Bebe didn’t like the sound of this one bit. She saw Tonia nervously fiddling with her dress, adjusting it to look perfect. Bebe wanted to warn her that this was all being filmed, too, and would make matters worse. While the outfit probably made her look like a million dollars standing in front of a mirror, sitting down it wasn’t quite so well fitting, Bebe noticed. Was that the purpose of these dreadful chairs? When the song was finished Beatle’s voice came on the radio.
“Welcome Bebe and Tonia and thanks for playing along. Please tell us about your background in fashion,” he asked his guests.
“I daren’t say it now,” Tonia replied and giggled. “I started designing my own clothes when I was sixteen. I’ve stopped doing that now, but I’ve worked on a few TV shows as fashion advisor.”
“And what about you, Bebe?” Beatle asked.
“I’m no expert,” she replied. “I wear what I like and hope for the best.”
“A brave statement,” Beatle said. “Let’s see what the audience has had to say about your dresses. They didn’t take long to make a judgement,” he said. “For those who didn’t check the website: Tonia is sporting a designer label, a sassy red number by what could well be Dolce & Gabbana, clearly out to impress us.”
Bebe could see a smile on Tonia’s face.
“Unfortunately, Tonia chose to accessorize excessively,” Peter continued. “Look at the number of jewellery items. The dangling pendants and bracelets are reminiscent of Madonna in the Eighties, and not in a good way. I applaud Bebe for going with a simple blue velvet number and only minimalist jewellery. Not a very expensive or contemporary look but timeless.”
Tonia looked hurt, despite braving a smile.
“Bebe, you’ve been in the business for a while,” Beatle said. “Give her some advice on what to wear next, while we’re playing the Kaiser Chiefs.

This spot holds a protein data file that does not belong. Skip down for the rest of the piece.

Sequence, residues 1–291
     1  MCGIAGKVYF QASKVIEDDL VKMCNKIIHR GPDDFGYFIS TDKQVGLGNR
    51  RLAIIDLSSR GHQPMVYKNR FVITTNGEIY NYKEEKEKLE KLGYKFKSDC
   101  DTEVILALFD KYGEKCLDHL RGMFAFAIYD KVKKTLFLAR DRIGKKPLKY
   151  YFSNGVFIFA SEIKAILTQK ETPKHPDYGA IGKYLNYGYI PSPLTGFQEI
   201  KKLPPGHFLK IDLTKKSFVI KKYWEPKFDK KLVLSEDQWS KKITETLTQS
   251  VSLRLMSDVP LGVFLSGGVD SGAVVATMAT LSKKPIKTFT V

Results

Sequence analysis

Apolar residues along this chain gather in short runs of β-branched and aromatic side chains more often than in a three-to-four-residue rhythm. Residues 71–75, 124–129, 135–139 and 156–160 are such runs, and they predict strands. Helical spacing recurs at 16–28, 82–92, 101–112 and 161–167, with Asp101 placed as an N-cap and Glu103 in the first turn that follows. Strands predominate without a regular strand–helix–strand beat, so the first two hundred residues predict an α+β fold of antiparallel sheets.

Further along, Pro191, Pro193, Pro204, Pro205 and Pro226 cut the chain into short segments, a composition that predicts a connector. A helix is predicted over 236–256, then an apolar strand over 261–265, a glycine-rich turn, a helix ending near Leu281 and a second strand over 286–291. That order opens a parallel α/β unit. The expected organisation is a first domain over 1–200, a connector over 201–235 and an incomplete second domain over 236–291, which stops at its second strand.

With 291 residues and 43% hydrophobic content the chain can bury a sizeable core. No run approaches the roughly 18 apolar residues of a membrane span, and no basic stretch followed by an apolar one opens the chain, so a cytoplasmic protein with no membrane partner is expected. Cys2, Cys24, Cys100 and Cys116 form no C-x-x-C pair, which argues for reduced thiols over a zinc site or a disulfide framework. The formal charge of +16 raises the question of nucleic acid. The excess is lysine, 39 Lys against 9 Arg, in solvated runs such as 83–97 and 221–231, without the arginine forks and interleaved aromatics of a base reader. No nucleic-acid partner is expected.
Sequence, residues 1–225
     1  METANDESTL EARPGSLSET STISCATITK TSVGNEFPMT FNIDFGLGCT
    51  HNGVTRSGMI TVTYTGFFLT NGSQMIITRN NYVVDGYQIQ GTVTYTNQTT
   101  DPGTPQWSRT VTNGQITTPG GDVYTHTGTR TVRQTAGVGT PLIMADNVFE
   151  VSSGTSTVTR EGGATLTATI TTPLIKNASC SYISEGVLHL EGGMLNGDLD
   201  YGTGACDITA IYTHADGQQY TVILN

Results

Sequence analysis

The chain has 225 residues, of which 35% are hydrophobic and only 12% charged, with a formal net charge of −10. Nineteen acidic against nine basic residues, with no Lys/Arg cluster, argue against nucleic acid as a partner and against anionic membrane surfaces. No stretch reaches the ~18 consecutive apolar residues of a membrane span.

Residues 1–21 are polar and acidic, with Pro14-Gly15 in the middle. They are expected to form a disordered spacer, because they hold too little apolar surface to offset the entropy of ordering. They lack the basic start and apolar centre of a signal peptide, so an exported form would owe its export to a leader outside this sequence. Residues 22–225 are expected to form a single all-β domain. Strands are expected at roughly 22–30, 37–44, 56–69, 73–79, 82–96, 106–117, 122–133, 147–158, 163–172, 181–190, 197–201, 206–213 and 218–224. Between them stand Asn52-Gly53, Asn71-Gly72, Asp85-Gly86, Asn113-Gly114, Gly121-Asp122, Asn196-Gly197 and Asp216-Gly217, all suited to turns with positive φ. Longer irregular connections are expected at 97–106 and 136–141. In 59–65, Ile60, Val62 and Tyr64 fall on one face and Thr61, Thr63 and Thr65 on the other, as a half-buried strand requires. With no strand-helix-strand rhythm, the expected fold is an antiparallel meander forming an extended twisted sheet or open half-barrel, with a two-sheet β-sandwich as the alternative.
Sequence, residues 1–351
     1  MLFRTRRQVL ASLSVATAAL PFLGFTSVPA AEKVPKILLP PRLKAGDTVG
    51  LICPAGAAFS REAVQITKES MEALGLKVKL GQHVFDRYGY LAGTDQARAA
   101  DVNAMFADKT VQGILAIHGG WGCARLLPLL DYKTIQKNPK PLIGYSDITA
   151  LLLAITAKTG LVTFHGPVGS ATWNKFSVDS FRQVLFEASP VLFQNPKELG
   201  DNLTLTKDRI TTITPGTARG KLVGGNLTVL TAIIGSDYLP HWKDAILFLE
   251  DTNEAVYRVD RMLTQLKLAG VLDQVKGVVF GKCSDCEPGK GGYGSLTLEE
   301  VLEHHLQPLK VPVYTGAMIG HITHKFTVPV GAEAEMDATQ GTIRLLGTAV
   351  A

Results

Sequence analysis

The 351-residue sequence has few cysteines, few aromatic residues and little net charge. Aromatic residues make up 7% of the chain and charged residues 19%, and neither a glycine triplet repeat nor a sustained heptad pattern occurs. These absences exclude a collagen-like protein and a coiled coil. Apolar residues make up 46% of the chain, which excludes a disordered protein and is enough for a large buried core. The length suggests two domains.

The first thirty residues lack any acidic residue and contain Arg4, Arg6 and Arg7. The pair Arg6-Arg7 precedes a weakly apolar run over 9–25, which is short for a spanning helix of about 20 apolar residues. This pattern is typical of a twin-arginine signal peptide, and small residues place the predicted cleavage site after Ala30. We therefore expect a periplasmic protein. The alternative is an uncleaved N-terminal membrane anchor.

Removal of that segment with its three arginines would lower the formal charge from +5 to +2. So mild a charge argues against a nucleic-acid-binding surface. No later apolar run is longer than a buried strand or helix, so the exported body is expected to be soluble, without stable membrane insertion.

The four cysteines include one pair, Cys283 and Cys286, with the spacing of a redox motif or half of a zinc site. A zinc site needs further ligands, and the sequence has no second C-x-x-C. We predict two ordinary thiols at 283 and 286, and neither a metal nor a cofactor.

The assistant producer came in and signed for them to take off the headsets and follow him to the room next door. Tonia put on a grey trouser suit, very similar to Bebe’s second outfit.
“You can’t wear that,” Tonia insisted when she noticed. “We look like clones.”
“Darling, we’ll be slaughtered by Peter and the audience, whatever we wear,” Bebe replied. “It doesn’t matter, we just have to brave his criticism and laugh along.”
“I hate that ….,” Tonia said, referring to him with shocking rudeness.
Bebe was so surprised that she let out a quick nervous giggle.
“Just look at his poster for the show in the lobby,” Bebe tried to calm Tonia down. “He’s no one to judge us. ‘Fashion guru’ Peter Beatle is wearing denim all over. And it’s obvious he’s older than he tries to look. The highlights don’t fool me and that face oozes Botox. One thing, though – when you go back in there, don’t adjust your dress as you did earlier. It made you look insecure. And don’t touch your crotch. Everything you do in there is on camera.”
Tonia nodded slowly, as if this was difficult to take in.
The assistant producer rushed them back into the sound studio where they could hear Peter chatting away to his audience.
“Now I’ve lured Bebe into a false sense of security,” he said. “Winning the first round she got careless and thought her grey trouser suit would find your approval. Reading your comments on Twitter it’s clear that neither of the women impressed you.”
Bebe shrugged and smiled in the camera next to her. She was furious at Fred for not properly preparing her for this show but she wouldn’t let that show.
“Tonia copied her in desperation to avoid a second defeat, but this time you’re both looking a bit too smart for what suits you.”
Before Bebe had time to reply she heard her voice over the loudspeaker: “Don’t touch your crotch.”
Tonia and Bebe looked at each other in panic. Their conversation had been recorded? Tonia’s rude name for Peter was played next, followed by Bebe’s giggles. “Don’t touch your crotch” was played yet again, along with the word and the giggle. And again.
“A little fashion advice Bebe dished out earlier to Tonia,” Peter said and giggled himself.